Monthly Archives: January 2020

Sonnet: “Windsor and Oakes, 1943”

Oakes and Windsor

Sir Harry Oakes and the Duke of Windsor in Nassau

Edward, ex-king, pro-Nazi, was sent out
to the Bahamas for the War’s duration.
As Governor of our well-mixed-race nation
he joked with blacks but liked white rule and clout.
The wealthy Bay Street Boys, all white, agreed.
But one combative multimillionaire
felt equal pay for non-whites would be fair.
Canadian Harry Oakes disliked white greed.
Oakes pumped in cash for land, built an airport,
bought a hotel, hired coloured management,
then fought the U.S. Mob’s gambling intent.
Still, Bay Street had the Governor’s support.
Oakes wouldn’t change his mind, and he got killed.
Edward prevented justice. Whites were thrilled.

The 1943 murder in the Bahamas of Sir Harry Oakes–perhaps the richest man in the British Empire–was never legally solved. Having been found bludgeoned to death in his bed, with an attempt having been made to set the bed on fire, foul play might have been suspected immediately. But the top realtor in the Bahamas, Harold Christie (subsequently knighted) who had been sleeping in a guest bedroom two doors down from his host, hadn’t heard a thing and, discovering the body in the morning, tried to revive Oakes by getting him to drink some water.

Harold Christie first called his brother, and next the Duke of Windsor, rather than the police. The Duke of Windsor, being the Governor of the Bahamas, could have called the local police, or local British military forces, or brought in the CID, Britain’s Criminal Investigation Department. Instead he called two Miami detectives he knew (and who in later years were found to have Mafia connections), telling them “he wished to confirm the details of a suicide”. The Americans came, screwed up the crime scene, planted false clues, and then arranged for Oakes’ son-in-law to be charged.

But the evidence against the son-in-law, Alfred de Marigny, was so clearly fraudulent and the evidence against Christie and his brother was so strong that the Police Commissioner at the time refused to charge de Marigny. So the Duke of Windsor had the Police Commissioner transferred to Trinidad until the trial was completed, in order to prevent him from testifying.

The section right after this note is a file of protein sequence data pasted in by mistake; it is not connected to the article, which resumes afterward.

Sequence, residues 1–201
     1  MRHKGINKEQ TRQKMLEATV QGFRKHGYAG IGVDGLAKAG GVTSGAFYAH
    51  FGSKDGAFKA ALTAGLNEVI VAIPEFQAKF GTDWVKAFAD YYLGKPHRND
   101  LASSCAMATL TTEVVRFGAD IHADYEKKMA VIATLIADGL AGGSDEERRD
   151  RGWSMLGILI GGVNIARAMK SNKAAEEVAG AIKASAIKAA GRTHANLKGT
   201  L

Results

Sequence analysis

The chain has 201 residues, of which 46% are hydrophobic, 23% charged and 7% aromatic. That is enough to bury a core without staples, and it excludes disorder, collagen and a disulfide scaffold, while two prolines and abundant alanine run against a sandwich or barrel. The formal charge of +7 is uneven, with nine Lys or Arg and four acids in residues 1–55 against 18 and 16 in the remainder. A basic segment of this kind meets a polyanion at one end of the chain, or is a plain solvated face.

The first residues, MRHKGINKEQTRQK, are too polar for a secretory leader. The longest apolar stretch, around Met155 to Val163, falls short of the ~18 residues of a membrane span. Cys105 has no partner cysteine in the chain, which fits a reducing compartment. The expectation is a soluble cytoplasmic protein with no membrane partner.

One of the mysteries unresolved at the trial was matter of the four triangular holes in Oakes’ skull. Some form of local voodoo was suggested, but no one could think of anything specific that might have caused it. No one suggested it might have been a tool found on every boat in Nassau Harbour…

Oil drum bung wrench

Oil drum plug wrench

After one of the greatest legal defences of the 20th century de Marigny was acquitted and, although innocent and a British citizen, ordered deported. Unsuccessful attempts were made on his life in the next couple of years, as he detailed in his book A Conspiracy of Crowns.

Other books on the murder, two of which were called Who Killed Sir Harry Oakes?, initially failed to point a finger of blame. This was probably wise, as a couple of people who might have discovered unpleasant facts came to violent ends.

In 1950 American lawyer Betty Renner–a former Department of Justice lawyer who had done war crimes work in Japan–came to Nassau to gather evidence about the Oakes murder and speak to a potential informer. She was hit over the head, stripped half-naked, dragged over coral rocks and thrown head-first down a narrow well where she suffocated to death. Tree branches were cut and placed over the well. The autopsy concluded “there was no positive evidence of criminal attack but the possibility was still being investigated.”